Nunavut Senator says Inuit in Ottawa being negatively affected by protests

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Nunavut Senator says Inuit in Ottawa being negatively affected by protests's Profile


Nunavut Senator Dennis Patterson said the more than week-long protests in Ottawa are causing significant harm to the city’s Inuit community. 

The city of Ottawa has among the largest Inuit population outside of the North. 

“They come here for school, for health reasons, for employment and there’s thousands living and working in Ottawa, including, you know, a number of, sadly, homeless folks who are in the downtown area,” Patterson said. 

“I’ve had an outpouring of concern from, you know, parents of students and from homeless people who are obviously greatly inconvenienced. They hang out at the Rideau Mall quite extensively, which is now closed.”

Tungasuvvingat Inuit (TI), a Inuit-specific registered not-for-profit in Ontario, issued a news release detailing the impact the protest is having on its work in Ottawa. 

“This demonstration has impeded TI’s ability to provide critical programming and services to urban Inuit,” the release said. 

“In a period with recent extreme cold warnings, the ongoing health crisis, the emergency housing crisis and food security issues, the protest is negatively impacting those vulnerable members of our community.”

The protest in Ottawa started as a movement against the mandate for cross border commercial drivers to be vaccinated, but has since grown into a wider protest against public health measures.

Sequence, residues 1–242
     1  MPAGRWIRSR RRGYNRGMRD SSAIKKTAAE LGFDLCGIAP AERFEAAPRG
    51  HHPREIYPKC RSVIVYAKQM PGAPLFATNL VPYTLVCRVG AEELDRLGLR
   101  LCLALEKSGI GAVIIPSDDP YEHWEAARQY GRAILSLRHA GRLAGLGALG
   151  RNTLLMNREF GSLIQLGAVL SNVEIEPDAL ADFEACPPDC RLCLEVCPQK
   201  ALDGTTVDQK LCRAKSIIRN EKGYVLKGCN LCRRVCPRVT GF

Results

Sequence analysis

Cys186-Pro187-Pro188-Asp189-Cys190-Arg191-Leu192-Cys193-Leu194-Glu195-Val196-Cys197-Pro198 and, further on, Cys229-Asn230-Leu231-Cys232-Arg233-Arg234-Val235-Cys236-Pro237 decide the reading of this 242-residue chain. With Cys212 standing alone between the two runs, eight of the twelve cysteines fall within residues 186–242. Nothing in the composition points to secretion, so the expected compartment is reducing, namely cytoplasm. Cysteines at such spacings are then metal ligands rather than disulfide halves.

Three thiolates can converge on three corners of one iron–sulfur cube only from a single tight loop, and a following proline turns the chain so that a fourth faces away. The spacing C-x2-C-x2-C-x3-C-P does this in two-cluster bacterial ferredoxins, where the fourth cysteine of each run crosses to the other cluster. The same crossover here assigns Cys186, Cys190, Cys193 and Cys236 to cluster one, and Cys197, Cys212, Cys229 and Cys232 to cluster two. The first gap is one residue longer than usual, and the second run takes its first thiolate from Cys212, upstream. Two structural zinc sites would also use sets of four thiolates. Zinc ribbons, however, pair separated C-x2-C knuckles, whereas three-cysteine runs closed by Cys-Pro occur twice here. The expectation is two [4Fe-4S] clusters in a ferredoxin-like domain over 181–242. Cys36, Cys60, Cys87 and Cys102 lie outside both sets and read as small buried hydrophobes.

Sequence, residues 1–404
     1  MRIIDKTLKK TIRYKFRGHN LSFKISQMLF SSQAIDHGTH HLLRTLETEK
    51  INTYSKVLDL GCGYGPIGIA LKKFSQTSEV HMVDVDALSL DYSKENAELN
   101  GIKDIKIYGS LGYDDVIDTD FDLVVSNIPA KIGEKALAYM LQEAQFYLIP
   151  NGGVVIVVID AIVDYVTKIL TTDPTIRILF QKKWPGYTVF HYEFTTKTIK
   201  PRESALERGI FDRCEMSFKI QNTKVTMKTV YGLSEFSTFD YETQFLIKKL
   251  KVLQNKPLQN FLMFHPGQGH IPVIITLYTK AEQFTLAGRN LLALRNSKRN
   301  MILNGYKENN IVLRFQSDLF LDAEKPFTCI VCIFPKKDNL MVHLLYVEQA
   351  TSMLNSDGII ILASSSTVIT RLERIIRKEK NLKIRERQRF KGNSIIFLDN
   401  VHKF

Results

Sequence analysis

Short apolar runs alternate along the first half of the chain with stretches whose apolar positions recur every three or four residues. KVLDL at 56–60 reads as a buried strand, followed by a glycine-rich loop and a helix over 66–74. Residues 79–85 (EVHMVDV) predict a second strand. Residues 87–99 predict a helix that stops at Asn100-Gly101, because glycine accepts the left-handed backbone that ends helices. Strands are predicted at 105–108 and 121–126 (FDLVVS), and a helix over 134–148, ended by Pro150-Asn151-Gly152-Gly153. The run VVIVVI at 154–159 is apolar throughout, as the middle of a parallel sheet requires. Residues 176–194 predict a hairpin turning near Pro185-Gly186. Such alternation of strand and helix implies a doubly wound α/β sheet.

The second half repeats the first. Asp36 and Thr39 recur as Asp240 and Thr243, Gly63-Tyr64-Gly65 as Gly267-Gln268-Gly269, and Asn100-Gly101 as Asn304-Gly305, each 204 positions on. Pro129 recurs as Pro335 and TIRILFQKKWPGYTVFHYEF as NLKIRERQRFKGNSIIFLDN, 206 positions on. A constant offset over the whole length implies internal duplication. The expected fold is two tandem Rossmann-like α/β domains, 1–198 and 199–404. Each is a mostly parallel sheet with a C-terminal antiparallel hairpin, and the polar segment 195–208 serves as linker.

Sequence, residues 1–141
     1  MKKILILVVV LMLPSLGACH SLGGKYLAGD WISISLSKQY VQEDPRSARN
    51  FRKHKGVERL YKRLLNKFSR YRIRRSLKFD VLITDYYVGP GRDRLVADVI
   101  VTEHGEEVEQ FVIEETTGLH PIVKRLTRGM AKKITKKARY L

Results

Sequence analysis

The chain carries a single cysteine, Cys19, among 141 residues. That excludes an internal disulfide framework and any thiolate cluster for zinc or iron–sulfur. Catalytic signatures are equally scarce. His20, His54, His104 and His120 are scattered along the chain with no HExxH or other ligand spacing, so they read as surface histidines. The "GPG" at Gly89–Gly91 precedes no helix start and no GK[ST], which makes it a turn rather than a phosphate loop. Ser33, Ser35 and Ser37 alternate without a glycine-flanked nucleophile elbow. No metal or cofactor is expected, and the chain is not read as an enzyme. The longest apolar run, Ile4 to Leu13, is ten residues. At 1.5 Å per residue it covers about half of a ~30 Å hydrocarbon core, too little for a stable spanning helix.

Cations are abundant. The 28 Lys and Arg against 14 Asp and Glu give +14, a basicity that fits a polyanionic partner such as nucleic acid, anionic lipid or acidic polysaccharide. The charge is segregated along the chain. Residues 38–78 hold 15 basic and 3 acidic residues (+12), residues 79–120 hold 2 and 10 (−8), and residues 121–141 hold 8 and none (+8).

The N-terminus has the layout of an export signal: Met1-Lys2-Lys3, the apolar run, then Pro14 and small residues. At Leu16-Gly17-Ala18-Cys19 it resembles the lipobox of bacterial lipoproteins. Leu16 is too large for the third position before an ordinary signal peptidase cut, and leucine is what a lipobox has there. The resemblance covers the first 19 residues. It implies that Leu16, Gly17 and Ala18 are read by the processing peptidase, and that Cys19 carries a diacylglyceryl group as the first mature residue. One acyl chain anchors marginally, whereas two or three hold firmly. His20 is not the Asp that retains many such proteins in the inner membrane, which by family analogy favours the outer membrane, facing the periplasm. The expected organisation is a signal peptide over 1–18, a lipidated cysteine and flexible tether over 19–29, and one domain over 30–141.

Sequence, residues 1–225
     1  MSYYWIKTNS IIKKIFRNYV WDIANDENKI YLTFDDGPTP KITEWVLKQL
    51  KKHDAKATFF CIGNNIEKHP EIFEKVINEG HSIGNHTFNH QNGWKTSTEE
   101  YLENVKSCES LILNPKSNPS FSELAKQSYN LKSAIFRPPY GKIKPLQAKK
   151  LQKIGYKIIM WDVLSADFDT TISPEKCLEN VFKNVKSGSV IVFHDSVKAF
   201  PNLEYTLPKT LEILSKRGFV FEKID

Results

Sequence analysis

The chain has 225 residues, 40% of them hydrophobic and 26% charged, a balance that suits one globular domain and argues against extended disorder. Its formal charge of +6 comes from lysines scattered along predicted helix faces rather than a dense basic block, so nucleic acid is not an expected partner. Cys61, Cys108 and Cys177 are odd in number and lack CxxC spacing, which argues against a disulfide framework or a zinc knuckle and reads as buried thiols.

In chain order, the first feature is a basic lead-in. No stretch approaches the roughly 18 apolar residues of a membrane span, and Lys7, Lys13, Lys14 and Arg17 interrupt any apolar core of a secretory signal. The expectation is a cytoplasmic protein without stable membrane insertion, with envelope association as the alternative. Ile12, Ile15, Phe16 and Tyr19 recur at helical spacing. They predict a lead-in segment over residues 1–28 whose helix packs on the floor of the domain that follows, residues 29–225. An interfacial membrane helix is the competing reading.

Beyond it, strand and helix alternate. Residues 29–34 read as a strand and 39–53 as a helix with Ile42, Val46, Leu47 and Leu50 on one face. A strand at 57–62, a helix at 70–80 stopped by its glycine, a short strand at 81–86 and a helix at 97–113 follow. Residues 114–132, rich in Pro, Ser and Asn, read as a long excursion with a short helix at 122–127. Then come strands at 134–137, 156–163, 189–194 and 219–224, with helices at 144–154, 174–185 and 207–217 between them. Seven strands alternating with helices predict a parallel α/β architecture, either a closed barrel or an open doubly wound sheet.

Protesters gathered in Ottawa from across the country for a demonstration last weekend. But around 250 have stayed throughout the week, clogging up the downtown and terrorizing local residents with repeated honking at all hours of the day and night. 

Patterson said he believes the protests have been taken over by “hooligans and dangerous extremists.”

“I’m very distressed about the lawlessness. I mean this, these trucks are parked in very close proximity to the heart of our democracy in Canada,” he said. 

“The leadership in Ottawa has to unite in condemning this behaviour and working together to somehow find ways to make them go home.”  

WATCH: Senator says he was ‘very distressed’ that Conservatives didn’t condemn Ottawa protest

Senator says he was ‘very distressed’ that Conservatives didn’t condemn Ottawa protest

Nunavut Sen. Dennis Patterson joins Power & Politics to discuss why he decided to quit the Conservative caucus and join the Canadian Senators Group. 5:15

Patterson resigned from the Conservative caucus on Friday, stating it was because of the party’s support for the ongoing protests. 

Patterson, who spent 16 years as an MLA for the N.W.T. and served as its premier between 1987 and 1991, was appointed to the Senate in 2009 by former prime minister Stephen Harper.

A group of Indigenous senators, including the N.W.T.’s Margaret Dawn Anderson, issued a joint  statement also condemning the protest. 

“We are extremely disturbed by the events that have unfolded in Ottawa over the past week. The display of racist, hateful symbols have prompted profound shock and outrage across the country as well as caused great hurt to our Indigenous brothers and sisters and members of other communities,” the statement reads. 

“These behaviours and attitudes have no place in a modern and diverse democracy such as Canada. We find them utterly impossible to justify, nor do we understand how anyone in good conscience can openly support them.” 





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